Extra Precautions Urged for Teens on Graduation Night
For Release: May 12, 2016 – Jamie Dukes, Office of Communications
Graduation is one of the most anticipated events in a high school career. For many, walking across the stage to receive a diploma is a bittersweet moment that marks the transition from adolescence to adulthood, leaving the familiar to embrace the future. Pomp and circumstance is usually followed by parties and other celebratory activities, but when underage drinking is involved, graduation day can quickly shift from a day of celebration to a day of tragedy.
The Oklahoma State Department of Health (OSDH) knows that graduation is an exciting milestone that should certainly be celebrated, but unfortunately, many teens choose to celebrate this milestone by drinking, often to excess. The Centers for Disease Control and Prevention (CDC) reports that 11 percent of all alcohol consumed in the United States is consumed by minors ages 12 to 20, and that 90 percent of this alcohol is consumed in the form of binge drinking.
The area of the brain responsible for decision-making is not fully developed in teenagers, and alcohol, especially in excess, greatly diminishes their ability to make good decisions. Drinking leads to extremely poor decisions that often result in tragedy. Graduation night tragedies can be prevented by responsible parents and adults who refuse to provide alcohol to minors.
One in four teens who drink report that they are supplied with alcohol by a parent or a family member. Parents may have the false impression that allowing teens to drink under adult supervision is a good alternative to going out and drinking elsewhere. In truth, serious negative consequences can still result, including risk of alcohol-related injury for teens and legal liabilities for parents.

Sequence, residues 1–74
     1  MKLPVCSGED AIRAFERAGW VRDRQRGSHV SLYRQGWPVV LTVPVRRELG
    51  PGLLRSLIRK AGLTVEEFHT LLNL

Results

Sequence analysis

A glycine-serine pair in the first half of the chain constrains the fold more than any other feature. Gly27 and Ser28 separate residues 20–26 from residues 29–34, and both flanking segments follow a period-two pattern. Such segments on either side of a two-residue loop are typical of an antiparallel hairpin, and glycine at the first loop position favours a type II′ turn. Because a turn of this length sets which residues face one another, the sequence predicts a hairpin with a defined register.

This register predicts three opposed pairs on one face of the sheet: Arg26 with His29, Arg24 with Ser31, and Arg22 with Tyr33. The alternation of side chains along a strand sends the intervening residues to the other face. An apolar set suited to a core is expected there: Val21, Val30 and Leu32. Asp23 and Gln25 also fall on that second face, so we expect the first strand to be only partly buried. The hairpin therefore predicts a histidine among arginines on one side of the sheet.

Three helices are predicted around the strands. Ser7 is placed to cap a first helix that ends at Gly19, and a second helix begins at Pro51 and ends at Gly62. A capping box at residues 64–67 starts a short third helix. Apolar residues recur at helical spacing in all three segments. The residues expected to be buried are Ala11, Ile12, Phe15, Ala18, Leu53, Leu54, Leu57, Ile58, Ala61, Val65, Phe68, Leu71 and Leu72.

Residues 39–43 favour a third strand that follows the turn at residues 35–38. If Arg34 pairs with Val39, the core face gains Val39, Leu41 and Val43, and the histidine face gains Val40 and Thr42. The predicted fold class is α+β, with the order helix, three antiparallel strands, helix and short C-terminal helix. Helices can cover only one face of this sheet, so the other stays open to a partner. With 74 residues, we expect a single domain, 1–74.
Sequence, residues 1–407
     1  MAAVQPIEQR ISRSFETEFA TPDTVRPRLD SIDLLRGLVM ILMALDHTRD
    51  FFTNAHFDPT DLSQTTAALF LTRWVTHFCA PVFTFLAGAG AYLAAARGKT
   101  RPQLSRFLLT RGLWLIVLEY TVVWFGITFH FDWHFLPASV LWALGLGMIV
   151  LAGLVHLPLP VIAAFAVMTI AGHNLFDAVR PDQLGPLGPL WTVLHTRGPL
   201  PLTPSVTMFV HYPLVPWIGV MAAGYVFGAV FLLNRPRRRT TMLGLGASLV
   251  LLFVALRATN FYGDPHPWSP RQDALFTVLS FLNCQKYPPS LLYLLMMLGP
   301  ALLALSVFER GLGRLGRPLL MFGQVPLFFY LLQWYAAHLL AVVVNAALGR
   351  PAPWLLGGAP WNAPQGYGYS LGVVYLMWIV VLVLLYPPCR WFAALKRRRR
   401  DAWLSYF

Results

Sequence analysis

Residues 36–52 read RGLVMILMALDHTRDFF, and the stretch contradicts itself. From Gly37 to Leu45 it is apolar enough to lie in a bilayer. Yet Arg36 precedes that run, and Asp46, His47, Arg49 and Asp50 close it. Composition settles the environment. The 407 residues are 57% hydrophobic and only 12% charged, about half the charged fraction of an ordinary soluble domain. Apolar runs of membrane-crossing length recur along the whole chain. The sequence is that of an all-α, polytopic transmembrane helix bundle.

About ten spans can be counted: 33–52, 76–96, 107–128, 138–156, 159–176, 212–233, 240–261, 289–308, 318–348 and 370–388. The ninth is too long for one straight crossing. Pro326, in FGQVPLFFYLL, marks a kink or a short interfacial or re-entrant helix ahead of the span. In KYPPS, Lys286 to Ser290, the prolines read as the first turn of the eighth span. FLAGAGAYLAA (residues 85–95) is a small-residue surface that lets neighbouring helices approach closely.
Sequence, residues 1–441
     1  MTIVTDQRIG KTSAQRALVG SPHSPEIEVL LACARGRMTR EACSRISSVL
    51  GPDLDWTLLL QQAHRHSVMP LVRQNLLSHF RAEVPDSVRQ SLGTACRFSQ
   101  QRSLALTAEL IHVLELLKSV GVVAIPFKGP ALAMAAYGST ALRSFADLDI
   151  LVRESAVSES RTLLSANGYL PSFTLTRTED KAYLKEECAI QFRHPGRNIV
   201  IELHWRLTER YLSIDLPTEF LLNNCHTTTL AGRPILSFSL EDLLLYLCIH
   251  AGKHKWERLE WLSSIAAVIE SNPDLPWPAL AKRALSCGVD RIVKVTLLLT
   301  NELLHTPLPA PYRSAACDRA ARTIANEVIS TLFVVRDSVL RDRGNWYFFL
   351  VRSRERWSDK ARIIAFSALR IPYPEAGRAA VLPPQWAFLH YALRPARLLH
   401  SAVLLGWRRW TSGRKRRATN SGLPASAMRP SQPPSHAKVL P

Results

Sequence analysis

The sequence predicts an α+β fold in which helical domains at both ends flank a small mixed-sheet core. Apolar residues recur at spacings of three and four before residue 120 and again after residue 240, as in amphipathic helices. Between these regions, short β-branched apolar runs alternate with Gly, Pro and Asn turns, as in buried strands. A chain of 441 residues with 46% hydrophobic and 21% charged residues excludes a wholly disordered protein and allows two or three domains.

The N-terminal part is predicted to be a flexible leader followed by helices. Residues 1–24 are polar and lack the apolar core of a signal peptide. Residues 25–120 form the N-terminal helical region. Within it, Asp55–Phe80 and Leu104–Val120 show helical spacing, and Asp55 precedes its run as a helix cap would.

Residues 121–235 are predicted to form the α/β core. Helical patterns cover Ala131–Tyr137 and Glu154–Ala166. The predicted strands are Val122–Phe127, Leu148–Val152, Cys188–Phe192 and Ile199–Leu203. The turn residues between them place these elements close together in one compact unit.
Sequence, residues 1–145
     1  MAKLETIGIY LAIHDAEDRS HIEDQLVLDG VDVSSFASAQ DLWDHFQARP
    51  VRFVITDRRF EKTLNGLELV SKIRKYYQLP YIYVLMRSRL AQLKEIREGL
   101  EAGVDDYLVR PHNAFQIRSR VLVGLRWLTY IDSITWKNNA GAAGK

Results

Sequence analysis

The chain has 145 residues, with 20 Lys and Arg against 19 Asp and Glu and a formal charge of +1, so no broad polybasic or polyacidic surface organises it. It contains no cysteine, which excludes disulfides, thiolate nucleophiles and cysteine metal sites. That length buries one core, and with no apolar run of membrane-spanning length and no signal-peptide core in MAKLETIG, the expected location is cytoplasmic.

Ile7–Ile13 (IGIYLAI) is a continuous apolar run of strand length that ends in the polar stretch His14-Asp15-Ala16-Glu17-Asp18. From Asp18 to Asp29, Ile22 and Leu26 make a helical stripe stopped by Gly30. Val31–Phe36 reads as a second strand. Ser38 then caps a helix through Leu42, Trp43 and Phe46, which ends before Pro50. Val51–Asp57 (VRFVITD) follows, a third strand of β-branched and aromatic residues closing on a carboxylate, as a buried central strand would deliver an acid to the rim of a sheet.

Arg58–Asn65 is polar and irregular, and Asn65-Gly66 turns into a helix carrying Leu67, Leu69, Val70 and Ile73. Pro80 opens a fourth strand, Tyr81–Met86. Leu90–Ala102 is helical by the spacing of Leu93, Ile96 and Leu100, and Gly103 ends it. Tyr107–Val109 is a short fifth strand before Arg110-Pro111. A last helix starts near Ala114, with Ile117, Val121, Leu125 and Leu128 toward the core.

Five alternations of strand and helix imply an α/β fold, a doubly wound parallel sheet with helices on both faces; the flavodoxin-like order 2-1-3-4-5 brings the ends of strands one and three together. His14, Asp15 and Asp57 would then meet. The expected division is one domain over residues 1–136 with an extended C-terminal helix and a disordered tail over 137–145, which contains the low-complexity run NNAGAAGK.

Under Oklahoma’s social host law, any person, adult or minor, who provides a location for youth under 21 to drink alcohol can be charged with a misdemeanor and fined up to $500. Fines increase with each subsequent offense, eventually leading to a felony. Even if they are not present, the owner or renter of the property can still be held responsible if they had knowledge of the party. If a youth under 21 is injured or killed in connection with the gathering, the host is charged with a felony punishable by a minimum of five years in prison and a fine of $2,500.
OSDH offers the following tips to keep your teen safe on graduation night:
For more injury prevention information, visit the OSDH Injury Prevention Service website at www.ips.ok.gov.